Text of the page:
by Ricardo Calvo MD

To live rationally in society, man requires only one thing from his fellow men: freedom of action. Freedom of action does not mean freedom to act by permission, which may be revoked at a dictator's, or a democratic mob's whim, but freedom to act as an absolute--by right.

Man requires rights to those actions necessary to support his own life, the most fundamental right being the right to life and private property from which all other rights, including the right to liberty, derive.

Rights are moral principles sanctioning a man's freedom of action in a social context. They are inalienable--may not be morally infringed upon. Rights are not guarantees to things, but only guarantees to freedom of action (right to liberty)--and a guarantee to the results of those actions (right to property).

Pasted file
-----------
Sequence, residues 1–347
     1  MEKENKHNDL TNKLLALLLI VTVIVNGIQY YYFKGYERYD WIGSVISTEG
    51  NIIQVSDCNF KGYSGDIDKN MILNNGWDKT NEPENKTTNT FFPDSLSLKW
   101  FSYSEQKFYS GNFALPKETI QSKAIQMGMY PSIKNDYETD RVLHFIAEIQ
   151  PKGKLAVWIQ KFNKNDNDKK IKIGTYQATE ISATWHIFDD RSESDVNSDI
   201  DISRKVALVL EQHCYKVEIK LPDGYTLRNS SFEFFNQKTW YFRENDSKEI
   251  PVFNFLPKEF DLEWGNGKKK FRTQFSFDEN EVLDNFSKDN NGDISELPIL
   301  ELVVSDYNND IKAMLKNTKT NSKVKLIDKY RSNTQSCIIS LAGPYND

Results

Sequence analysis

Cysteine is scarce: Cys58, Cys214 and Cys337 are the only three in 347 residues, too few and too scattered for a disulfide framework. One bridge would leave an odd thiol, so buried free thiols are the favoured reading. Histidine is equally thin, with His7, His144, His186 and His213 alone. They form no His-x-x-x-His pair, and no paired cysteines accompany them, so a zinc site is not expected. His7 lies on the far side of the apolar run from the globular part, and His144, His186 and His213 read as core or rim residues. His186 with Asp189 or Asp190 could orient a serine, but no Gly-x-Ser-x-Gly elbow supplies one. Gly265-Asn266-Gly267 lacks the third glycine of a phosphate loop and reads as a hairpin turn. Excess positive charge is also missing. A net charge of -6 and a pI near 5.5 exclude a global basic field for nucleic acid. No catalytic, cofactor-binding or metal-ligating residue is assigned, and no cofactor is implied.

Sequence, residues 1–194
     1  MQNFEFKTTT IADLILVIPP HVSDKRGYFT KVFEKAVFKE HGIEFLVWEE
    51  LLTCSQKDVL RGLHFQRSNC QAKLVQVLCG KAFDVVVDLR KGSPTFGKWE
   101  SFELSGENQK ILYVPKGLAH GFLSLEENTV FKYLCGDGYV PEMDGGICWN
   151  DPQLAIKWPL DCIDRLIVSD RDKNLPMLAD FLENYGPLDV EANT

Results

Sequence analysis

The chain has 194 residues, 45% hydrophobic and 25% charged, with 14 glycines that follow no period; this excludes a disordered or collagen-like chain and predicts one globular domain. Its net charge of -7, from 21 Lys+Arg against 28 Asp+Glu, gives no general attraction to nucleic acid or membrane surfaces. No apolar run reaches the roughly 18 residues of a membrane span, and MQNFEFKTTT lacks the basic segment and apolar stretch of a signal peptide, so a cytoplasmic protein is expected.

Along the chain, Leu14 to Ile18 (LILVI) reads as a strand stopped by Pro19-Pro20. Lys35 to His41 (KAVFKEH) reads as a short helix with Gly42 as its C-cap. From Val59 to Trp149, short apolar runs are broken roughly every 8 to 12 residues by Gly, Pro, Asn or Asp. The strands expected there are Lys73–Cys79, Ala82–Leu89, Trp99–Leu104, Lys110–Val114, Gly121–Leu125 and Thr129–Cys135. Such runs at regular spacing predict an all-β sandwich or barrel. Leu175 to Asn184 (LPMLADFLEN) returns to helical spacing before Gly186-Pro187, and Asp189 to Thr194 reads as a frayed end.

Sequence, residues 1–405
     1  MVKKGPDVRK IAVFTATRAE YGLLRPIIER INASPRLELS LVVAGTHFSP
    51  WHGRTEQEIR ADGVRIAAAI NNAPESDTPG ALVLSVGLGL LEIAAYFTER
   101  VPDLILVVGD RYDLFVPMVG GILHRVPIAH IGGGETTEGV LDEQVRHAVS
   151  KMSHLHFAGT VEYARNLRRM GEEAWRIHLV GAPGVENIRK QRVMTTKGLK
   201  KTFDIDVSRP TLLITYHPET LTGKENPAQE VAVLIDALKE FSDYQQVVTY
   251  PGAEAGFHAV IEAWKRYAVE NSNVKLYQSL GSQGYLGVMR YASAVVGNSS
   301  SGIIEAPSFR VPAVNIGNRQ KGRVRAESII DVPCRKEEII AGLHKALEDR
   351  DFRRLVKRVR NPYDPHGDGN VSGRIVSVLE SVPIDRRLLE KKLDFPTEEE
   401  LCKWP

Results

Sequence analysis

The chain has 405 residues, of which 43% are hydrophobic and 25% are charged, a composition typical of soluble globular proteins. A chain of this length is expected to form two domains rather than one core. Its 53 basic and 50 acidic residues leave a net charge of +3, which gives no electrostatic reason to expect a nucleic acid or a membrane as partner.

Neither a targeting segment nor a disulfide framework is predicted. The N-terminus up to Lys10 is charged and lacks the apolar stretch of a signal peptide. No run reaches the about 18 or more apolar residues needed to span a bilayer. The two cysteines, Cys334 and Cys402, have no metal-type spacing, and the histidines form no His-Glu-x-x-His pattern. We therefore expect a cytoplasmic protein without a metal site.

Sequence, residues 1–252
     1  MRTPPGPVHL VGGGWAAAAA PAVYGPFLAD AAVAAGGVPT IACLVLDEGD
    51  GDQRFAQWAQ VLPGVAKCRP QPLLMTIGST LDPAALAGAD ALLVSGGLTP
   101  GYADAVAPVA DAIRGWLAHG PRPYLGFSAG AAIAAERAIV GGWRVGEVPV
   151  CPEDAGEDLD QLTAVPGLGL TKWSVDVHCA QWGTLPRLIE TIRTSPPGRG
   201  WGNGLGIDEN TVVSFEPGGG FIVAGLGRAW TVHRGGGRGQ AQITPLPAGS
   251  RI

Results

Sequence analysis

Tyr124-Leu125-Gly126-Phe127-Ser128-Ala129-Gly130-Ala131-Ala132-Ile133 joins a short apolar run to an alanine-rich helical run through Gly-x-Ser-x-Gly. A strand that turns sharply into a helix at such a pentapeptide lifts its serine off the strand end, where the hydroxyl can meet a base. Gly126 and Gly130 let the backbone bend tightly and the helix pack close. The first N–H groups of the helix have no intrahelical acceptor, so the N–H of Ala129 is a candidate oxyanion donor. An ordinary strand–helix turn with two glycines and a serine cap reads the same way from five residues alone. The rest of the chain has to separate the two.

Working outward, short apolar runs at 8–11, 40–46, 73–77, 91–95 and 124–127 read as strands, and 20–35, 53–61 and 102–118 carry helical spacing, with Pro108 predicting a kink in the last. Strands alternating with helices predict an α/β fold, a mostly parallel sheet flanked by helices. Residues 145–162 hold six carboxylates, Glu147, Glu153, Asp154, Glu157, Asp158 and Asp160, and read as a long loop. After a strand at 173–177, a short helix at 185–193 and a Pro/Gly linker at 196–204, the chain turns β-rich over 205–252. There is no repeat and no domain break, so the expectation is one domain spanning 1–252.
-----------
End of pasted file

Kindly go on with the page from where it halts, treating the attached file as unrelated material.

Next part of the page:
In practice, in order to protect rights, a government requires three things: an army--to protect against foreign invaders, a police force--to protect against domestic criminals, and a court system--to settle honest disputes that arise, enforce contracts, and to punish criminals, according to objectively predefined laws.

In a free society each and every man lives under a rule of law, as opposed to a whim-ridden rule of men. Such a rule of law has only one purpose: to protect the rights of the smallest minority that has ever existed--the individual.


Ricardo Calvo

June 2000

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